The luxury penthouse owned by notorious Sydney con artist Melissa Caddick has been heavily discounted after recently being withdrawn from auction.
The spacious 19th-floor apartment at Eastpoint Tower in the eastern suburb of Edgecliff was reduced from $5.5 million to $4.8 million earlier this week.
The decision by Richardson & Socket listing agents Tim Muckenschnabl and Paul Kantor comes after the home’s auction scheduled for Oct. 10 was canceled after two months of intensive marketing.
The penthouse was listed by receivers of the fraudster’s estate who were working to liquidate Caddick’s assets and return the $25 million she stole from her victims.
This announcement follows the recent sale of an unrenovated two-bedroom, two-bathroom apartment on level 15 of the complex for $4.1 million. The Daily Telegraph reported.
Caddick initially gave it to his parents in 2016, but was obtained by authorities following a lengthy legal battle over ownership.
Caddick’s parents, Ted and Barbara Grimley, left the property in a “dilapidated” condition, according to the receivers.
The home once owned by infamous Sydney con artist Melissa Caddick (above) has been reduced by almost $1 million.
Caddick originally purchased the home for $2.55 million in 2016.
Prices in the area have skyrocketed since then, leading some to believe the apartment would sell for more than $5 million, almost double what Caddick paid.
The sale of Caddick’s penthouse is expected to generate a “significant return for investors” who are still reeling from his scam, court-appointed receiver Bruce Gleeson previously said.
“The sale of this escrow asset is really important because it means we’re going to be able to generate another significant return for investors, and that’s always been our goal… particularly when in many Ponzi schemes it “There is no return to investors or a very small return”, the director of the insolvency firm Jones Partners told the Sydney Morning Herald.
A previous registration said the three-bedroom, two-bathroom property offers “uninterrupted views from the city skyline and across Paddington”.
The receivers worked for months having installed new carpets and lighting as well as having painted the interior of the house in order to maximize their returns at auction.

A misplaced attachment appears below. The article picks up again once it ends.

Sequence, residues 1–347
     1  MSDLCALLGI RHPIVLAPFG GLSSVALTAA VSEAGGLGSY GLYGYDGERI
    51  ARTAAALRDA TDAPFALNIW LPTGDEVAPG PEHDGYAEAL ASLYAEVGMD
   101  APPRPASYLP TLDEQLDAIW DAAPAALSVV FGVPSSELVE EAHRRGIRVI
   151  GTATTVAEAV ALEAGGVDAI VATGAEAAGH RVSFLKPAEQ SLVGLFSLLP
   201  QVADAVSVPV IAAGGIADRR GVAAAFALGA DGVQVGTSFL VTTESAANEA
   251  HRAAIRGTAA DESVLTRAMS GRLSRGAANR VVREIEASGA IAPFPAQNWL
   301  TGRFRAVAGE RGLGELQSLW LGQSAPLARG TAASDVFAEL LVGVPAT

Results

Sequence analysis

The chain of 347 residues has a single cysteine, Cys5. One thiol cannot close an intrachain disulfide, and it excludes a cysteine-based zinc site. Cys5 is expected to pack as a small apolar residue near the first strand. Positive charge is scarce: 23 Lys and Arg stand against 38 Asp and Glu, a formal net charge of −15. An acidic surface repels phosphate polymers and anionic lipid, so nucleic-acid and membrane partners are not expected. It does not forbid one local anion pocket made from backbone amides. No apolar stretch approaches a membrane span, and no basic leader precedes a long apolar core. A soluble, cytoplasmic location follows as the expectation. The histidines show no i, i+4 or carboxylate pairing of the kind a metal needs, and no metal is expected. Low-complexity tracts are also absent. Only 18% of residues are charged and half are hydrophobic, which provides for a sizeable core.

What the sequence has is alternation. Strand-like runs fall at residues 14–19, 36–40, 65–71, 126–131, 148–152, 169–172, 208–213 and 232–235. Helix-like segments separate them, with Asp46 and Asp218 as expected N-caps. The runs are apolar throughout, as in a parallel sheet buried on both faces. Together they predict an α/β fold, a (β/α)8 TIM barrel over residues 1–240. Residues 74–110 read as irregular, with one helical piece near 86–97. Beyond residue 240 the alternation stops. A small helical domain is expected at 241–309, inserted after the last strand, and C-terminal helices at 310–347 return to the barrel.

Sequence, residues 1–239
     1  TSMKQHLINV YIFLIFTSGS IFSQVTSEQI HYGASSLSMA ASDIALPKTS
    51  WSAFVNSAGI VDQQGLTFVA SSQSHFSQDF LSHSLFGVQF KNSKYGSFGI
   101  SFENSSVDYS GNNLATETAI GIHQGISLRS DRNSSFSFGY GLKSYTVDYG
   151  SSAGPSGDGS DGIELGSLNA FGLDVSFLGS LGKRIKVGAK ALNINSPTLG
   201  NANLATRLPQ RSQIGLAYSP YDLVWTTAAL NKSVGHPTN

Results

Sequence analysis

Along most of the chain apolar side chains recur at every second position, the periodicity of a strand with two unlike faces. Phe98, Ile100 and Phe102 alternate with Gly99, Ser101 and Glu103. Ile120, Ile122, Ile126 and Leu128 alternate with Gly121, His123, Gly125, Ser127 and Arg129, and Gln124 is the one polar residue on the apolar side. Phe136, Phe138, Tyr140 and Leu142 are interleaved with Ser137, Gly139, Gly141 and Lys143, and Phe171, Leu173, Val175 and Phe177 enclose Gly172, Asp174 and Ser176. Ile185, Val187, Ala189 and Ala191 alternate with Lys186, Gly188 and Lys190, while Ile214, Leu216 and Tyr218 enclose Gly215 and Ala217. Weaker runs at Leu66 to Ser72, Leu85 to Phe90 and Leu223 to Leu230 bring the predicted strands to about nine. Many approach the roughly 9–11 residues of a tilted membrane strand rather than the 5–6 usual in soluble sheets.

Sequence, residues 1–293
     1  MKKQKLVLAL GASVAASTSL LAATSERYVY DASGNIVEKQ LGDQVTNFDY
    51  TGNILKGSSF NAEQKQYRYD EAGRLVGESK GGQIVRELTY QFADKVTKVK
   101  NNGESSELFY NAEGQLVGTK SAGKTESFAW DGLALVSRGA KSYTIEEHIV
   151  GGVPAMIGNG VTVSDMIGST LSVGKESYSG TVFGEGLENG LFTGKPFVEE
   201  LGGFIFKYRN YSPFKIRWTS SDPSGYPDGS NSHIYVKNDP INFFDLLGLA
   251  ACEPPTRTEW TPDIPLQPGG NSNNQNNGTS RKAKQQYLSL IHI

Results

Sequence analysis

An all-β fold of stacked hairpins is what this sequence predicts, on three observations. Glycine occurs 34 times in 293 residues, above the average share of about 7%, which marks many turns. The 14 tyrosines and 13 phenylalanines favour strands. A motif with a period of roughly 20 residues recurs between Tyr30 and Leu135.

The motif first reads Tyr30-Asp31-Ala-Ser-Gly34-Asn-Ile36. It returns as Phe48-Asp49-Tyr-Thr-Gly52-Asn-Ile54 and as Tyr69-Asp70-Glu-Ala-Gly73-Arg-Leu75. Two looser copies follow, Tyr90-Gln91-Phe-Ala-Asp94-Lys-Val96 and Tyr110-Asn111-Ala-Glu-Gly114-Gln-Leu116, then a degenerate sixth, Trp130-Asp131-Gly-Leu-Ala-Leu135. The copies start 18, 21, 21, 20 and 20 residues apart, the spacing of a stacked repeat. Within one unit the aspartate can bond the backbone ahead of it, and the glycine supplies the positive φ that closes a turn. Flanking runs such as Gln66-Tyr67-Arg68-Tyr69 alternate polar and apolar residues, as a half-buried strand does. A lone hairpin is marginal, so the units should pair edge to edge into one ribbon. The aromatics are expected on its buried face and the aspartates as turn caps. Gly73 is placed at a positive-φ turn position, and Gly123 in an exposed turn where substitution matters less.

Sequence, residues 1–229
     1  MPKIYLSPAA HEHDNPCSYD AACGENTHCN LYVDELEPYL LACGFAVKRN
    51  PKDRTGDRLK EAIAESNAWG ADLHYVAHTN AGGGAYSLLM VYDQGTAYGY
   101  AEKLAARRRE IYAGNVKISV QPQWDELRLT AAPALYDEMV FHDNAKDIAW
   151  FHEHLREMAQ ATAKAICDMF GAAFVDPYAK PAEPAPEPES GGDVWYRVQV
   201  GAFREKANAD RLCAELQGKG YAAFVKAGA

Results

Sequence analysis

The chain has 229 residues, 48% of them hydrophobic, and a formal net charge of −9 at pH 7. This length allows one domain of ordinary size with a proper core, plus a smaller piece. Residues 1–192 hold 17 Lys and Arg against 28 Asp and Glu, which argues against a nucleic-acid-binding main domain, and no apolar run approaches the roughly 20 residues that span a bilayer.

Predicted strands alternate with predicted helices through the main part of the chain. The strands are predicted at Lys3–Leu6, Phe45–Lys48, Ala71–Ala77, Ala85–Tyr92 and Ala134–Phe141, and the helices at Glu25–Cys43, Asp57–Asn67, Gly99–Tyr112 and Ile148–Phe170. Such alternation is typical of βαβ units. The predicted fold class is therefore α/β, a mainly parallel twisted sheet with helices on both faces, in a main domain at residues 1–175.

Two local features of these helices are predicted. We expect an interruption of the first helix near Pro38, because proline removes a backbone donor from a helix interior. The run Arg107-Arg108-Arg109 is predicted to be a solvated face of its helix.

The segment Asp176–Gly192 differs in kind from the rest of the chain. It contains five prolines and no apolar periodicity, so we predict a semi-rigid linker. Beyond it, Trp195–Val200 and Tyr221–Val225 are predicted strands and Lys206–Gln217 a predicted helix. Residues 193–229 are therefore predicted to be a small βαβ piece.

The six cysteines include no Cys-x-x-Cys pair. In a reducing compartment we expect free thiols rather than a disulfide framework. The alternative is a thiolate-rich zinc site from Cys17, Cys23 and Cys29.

The penthouse is on the top floor of the tower and includes a giant roof terrace and three closed garages.
Anyone who moves in will also have access to a sauna and swimming pool and will be less than a minute from the Edgecliff shopping complex.
Just a short elevator ride away, the complex has Coles and Aldi supermarkets and specialists like a financial advisor and podiatrist right under the building.
The luxury three-bedroom penthouse sits atop Eastpoint Tower (above) in Sydney’s eastern suburbs. The price had fallen from $5.5 million to $4.8 million earlier this week.
Edgecliff’s Eastpoint Tower became known for its high-flying homebodies, one of whom flew a leather couch up to the 19th floor and another, former Olympian Scott Miller, who attempted to install an escort company in the building.
Other notable residents include former car dealer Neil Sutton and the late Lady (Florence) Packer.
Previous penthouses in the building sold for $5.1 million in 2018 and $4.8 million in 2019, but that was before the pandemic.
“Over the last 12 to 18 months we have seen prices rise,” Mr Gleeson continued.
Caddick’s primary residence in Dover Heights sold for $9.8 million earlier this year.
The sale of Caddick’s last property had been blocked by her parents, who told the receivers that they had given their daughter $1 million for the mortgage.
Mr and Mrs Grimley struck a deal with their daughter that they could live the rest of their days rent-free in the dream home in exchange for a 37 per cent equity interest.
The penthouse has three bedrooms and two bathrooms and has access to a swimming pool and sauna within the tower complex.
It turned out that Caddick had squandered the million on jewelry and private jets, instead of paying off the mortgage.
After lengthy litigation, the two finally agreed to vacate the property after being offered a $950,000 return of their daughter’s assets.
Once finalized, the money raised from the auction will go directly to the victims of Caddick’s scam.
Mr Gleeson hopes the turnover will be fast enough to make a nice Christmas present for recipients, who could get the funds processed before the end of the year.
Following the sale of this house, Mr Gleeson’s team will seek to complete their work on the estate by May or June 2024.
A first payment of $3 million was already made to 55 creditors in August.
Caddick’s affairs have caused headaches for federal police and creditors since his disappearance on November 12, 2020, from his Dover Heights home.
Before her disappearance, the Australian Securities and Investments Commission had issued a warrant for her arrest for numerous Corporations Act violations.
The night before she disappeared, Australian Federal Police were among the last to see Caddick alive after executing a search warrant at her home at 7 p.m.
The scammer was found to have taken $23.5 million in investor funds, which she used to fund her lavish lifestyle.
Caddick had previously gifted the house to his parents, Ted and Barbara Grimley (pictured), but it was confiscated by authorities in a bid to return funds stolen from Caddick to his victims.
She had spent the money on luxury goods like cars, art, jewelry and her two multi-million dollar properties.
The mystery of her disappearance deepened further when two men walking along Bournda Beach on the state’s south coast found a foot belonging to the missing crook.
An arrest warrant was issued for Caddick on February 22, 2021, just a week before his remains were found washed up on a beach 400km south of Sydney.
The remains were confirmed to belong to Caddick when scientists were able to extract DNA from the foot, found in a decrepit ASICS shoe.